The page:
Let's consider the rule in python PEP8, coding standard for the linux kernel etc saying that a line of code are not allowed to be longer than N characters.

To this rule there is normally a few rationales:

  • On some terminals you can't see more than N characters on a line without wrapping.
  • Optimal line length for readability is 66 characters.
  • You should not use too many levels of indentations.

I kind of accept the first and last as having scientific support... Let's consider the second rationale, I understand that there's probably some investigation that has concluded that 66 characters per line is optimal, but I also suspect that this is for running text of natural language. Is there some results from investigating if this is true for programming languages as well? Btw this kind of result would suggest that one have to limit the effective number (without counting indentation spaces) of characters per line.

Another case which sounds like being a matter of opinion is how to name variables. There's all kind of options (depending an language) different variants on camel case and underscore (or minus) separated words (and you can of course combine them too). Is there any proofs that one of them is more readable than others? Or is it just a matter of opinion?

  • Variable naming is primarily a matter of opinion. The reason for proscribing one naming scheme in a coding standard is to get consistency between different developers. Commented Jun 23, 2016 at 11:55
  • @BartvanIngenSchenau Maybe it is so, but is there any scientific proof that there is no (significant) other benefits with one scheme over the other?
    – skyking
    Commented Jun 23, 2016 at 11:58
  • "I kind of accept the first and last as having scientific support...". I'd challenge that claim. I'm not aware of anyone ever managing to conduct proper scientific studies of either of those points. Do you have any references?
    – David Arno
    Commented Jun 23, 2016 at 12:40
  • 2
    You could argue all day about the merits of this style over that style, but if you are a member of a software development team, then the best style is the one that everybody agrees on. Commented Jun 23, 2016 at 13:43
  • 4
    If there was scientific support for anything in programming, it would be easy to find.
    – JeffO
    Commented Jun 23, 2016 at 15:23

1 Answer 1


In software engineering, few insights are gained through science. Instead, experience and completely unfounded beliefs shape our decisions. This is partly due to the young age of our field (software engineering as a field emerged in the late 60s), but mostly due to the fact that human psychology can be quite difficult to measure.

Many people have tried to run studies to kill the most contentious debates with data. Does static typing or dynamic typing improve programmer productivity? Is camelCase or snake_case more readable? Do projects using TDD finish faster? While some of these studies have produced interesting results, most of these have methodical problems:

  • Very small sample sizes. You can't generalize from 20 probands.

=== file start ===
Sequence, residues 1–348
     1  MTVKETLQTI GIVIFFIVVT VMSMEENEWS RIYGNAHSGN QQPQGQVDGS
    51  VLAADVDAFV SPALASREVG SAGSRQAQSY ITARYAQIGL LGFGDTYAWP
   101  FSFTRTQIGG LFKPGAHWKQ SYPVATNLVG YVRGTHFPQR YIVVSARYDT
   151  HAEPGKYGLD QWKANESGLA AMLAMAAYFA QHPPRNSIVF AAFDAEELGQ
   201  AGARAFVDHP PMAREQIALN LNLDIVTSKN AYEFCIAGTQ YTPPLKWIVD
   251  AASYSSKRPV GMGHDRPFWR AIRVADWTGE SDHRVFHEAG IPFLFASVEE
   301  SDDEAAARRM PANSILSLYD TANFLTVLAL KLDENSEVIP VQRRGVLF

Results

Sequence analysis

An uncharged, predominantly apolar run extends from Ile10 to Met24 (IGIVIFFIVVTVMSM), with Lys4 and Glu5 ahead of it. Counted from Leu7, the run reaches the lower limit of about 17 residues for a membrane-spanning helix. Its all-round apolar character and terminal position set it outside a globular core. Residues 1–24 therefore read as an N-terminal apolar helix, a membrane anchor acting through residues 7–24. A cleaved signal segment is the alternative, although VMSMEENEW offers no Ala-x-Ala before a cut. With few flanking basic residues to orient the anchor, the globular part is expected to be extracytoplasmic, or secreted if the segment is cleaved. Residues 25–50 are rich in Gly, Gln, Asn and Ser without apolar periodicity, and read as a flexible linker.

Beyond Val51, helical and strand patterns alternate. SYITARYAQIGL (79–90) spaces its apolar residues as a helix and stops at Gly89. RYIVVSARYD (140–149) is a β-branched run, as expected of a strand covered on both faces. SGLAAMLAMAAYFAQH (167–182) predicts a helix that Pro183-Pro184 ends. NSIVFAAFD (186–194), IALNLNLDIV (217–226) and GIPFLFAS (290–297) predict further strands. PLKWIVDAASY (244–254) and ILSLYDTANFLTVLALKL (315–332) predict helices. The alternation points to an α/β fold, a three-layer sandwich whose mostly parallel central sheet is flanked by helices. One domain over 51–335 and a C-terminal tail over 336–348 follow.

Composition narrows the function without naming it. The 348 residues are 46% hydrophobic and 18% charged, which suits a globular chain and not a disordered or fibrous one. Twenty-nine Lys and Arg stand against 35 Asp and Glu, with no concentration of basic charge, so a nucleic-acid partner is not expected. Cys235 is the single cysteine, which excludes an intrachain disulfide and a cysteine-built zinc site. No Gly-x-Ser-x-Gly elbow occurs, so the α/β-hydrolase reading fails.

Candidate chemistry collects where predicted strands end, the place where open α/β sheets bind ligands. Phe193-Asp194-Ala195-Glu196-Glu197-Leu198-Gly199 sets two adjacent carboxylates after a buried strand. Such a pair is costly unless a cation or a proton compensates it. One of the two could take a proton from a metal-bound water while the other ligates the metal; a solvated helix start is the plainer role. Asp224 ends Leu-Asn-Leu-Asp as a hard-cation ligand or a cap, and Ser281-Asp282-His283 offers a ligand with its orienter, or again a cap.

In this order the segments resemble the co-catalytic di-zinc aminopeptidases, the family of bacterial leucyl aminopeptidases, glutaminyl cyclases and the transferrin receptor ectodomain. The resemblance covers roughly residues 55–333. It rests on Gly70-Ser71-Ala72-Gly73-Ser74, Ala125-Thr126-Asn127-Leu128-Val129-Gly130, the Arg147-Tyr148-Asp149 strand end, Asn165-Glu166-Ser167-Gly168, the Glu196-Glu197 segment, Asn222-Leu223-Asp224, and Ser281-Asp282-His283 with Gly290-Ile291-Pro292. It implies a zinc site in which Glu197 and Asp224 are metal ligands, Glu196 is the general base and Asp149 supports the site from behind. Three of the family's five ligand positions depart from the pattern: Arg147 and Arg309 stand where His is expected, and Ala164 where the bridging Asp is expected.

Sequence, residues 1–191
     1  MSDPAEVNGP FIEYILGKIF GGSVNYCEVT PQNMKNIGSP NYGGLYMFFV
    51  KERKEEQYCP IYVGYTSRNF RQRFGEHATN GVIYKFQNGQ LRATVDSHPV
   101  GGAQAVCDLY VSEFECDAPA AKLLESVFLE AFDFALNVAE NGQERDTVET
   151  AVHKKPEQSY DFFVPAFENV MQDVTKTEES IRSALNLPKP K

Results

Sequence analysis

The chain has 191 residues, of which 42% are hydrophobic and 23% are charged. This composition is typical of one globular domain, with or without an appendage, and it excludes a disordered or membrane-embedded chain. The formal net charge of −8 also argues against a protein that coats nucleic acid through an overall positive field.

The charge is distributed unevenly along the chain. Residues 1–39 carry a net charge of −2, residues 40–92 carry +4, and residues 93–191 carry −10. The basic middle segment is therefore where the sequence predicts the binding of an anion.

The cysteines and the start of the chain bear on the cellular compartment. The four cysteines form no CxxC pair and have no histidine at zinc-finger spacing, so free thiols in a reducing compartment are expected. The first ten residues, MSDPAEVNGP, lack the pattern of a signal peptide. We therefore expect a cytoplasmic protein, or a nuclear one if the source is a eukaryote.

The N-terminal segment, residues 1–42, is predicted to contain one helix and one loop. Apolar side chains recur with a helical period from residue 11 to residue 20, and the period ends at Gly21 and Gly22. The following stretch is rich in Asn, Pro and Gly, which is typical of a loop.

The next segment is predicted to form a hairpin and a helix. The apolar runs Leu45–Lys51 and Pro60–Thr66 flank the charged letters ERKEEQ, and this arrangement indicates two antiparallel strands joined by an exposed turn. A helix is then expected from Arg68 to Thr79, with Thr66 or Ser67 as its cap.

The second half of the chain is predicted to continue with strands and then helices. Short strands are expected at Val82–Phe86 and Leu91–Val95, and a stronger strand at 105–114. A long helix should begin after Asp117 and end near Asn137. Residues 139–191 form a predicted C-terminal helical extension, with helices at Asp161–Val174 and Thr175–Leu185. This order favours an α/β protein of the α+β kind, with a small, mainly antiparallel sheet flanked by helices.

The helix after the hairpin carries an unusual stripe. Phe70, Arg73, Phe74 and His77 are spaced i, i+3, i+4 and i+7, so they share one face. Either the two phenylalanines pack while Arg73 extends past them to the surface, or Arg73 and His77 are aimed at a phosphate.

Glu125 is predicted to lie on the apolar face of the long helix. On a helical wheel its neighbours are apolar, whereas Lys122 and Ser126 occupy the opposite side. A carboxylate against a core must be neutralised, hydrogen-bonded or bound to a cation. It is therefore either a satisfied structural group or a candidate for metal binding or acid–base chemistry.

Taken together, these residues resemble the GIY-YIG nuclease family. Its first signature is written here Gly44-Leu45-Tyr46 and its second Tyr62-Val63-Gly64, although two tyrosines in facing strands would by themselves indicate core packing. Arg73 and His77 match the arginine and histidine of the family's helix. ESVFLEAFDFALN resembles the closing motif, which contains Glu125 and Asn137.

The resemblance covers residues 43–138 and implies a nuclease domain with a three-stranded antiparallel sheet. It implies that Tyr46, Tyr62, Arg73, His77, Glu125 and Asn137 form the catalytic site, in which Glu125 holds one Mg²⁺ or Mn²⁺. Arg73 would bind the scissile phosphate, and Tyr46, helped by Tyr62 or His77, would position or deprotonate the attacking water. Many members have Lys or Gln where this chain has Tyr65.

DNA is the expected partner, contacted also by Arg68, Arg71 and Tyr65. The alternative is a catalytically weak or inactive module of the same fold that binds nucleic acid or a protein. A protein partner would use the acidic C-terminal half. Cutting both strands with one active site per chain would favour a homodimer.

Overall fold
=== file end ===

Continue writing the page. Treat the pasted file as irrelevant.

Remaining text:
• Non-representative sample structure. What turns out to be good for undergraduate students that just completed their first Java course might not be best for you.
  • Lack of control groups. What baseline is the study comparing against?
  • Very subtle effects. Programmers are humans, which means they can be very diverse. It might be hard to spot any significant effect through all this statistical noise.

As a consequence, many studies are taken more seriously than they should. In particular:

  • For weak effects, you might see multiple conflicting studies.
  • Studies tend to be cited by those who feel validated by that study, ignoring conflicting studies.
  • Most people (including me) never read past the abstract and are unaware of methodical shortcomings.

For a thorough discussion about studies on a single topic, please look at Static vs. dynamic languages: a literature review by Dan Luu.

To summarize: studies exist but they tend to be almost useless. For the time being, we will have to rely on our intuition and experience.

There is another take away here: Different approaches are not inherently superior to another, or only by a small margin. I have decided that I for myself prefer kebap-case over snake_case over camelCase, but that doesn't mean I'm going to convert everyone to snake_case: if there's any measurable effect, it's probably negligible. More important than either convention is being consistent. If I work on a camelCase code base, I just use camelCase.

And that's how coding conventions are created: someone writes down what they have found to be best practices, and then everyone sticks to that. If there's a really idiotic rule in the coding standard that violates common sense (or is just really unusual), then you can probably argue for that to be changed. But most topics like line length or variable naming conventions or brace style are not that important. I have more interesting problems waiting to be solved.

  • 2
    I would only add that some conventions exist solely due to authority or popularity. It's a terrible way to make software development decisions, but there it is. Commented Jun 23, 2016 at 14:16
  • @RobertHarvey and sometimes the "authority" is in name only... Commented Jun 23, 2016 at 23:54

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